It hasn’t been easy going though. ShareChat’s members are primarily nascent internet users, typically aged between 22 and 25. The app has had to deal with the dissemination of insensitive content or fake news, or actions that can even threaten the privacy of a user, all common issues when you are catering to new internet users. For instance, a user abusing another user or a certain section of society is routine, going by my conversation with one of the users on ShareChat.
The primary concern, according to its content and community guidelines, posts that are violent, abusive, non-consensual, contain hate speech or are explicitly pornographic. “We have created algorithms and processes to ensure that the community doesn’t experience any content that is disturbing or provocative in nature and doesn’t threaten anyone’s privacy. Our algorithms are getting better,” says Ahsan, chief operating officer at ShareChat.
Additionally, ever since Facebook’s Cambridge Analytica scandal set the user privacy debate in motion, the government has been wary of social networking platforms operating in India and has been working on framing a data protection law.
ShareChat says it is working to pre-empt this and plans to broadly comply with the European Union’s General Data Protection Regulation, or GDPR, which was implemented earlier this year and has quickly become a benchmark for privacy law.
Show me the Money
The big question: Popularity aside, will ShareChat ever make money? While the founders say they have evaluated ways to monetize the product, Sachdeva says there won’t be implemented anytime soon. Definitely not this year.
One of the obvious avenues that ShareChat is looking at for revenue is advertising. Another is micro-transactions where the company can charge users for certain services like horoscopes.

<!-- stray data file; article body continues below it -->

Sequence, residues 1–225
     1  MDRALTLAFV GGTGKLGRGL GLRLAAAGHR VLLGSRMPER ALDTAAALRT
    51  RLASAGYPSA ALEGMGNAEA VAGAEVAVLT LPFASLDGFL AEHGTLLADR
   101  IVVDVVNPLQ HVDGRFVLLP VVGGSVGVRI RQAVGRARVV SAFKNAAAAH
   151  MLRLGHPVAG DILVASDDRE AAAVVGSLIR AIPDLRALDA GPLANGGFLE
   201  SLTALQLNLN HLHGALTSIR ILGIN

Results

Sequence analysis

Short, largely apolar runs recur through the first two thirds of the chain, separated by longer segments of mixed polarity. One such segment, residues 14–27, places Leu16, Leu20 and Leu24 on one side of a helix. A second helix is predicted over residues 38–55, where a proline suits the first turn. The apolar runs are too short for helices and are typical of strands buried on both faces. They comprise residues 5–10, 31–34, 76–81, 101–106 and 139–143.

It is a strategy notorious for its simplicity. By 2021, the number of Indian-language internet users is expected to be 536 million, making every vernacular application a darling of advertisers. The kind of data ShareChat collects (and can share with advertisers), can easily help them analyze users and plan targeted advertising.
“Data management platforms for advertising brands are always looking for partners who can help provide a target audience, despite the recent scrutiny around data privacy,” says Vidya S. Nath, director, digital media, at consulting firm Frost and Sullivan. “Acquiring a large user base across a fragmented demographic could make such applications a valuable partner for any telco or advertiser.”
Approach questionable though
But the viability of such an approach is still questionable. First off, revenue per user for the audience ShareChat caters to is bound to below. Second, most social networks in India have and are facing the challenge of sustaining active usage of their applications.
“In a recent study, we found that even for popular e-commerce apps and sites, the percentage of conversion of registered to active users is 10% for the leading two e-commerce apps (Amazon and Flipkart), while the majority of them have less than 2%. Users of social media communication apps can be even more fickle,” says Nath.
Take the example of Hike. Till 2016, the Tencent-backed startup was one of the fastest to enter the unicorn club. But since then, the company’s daily active users have dropped by about two-thirds, from 23 million to 8 million. Over time, Hike’s key features lost relevance when WhatsApp launched similar propositions. Today, its edge is gone and Hike has fallen way behind its competitors.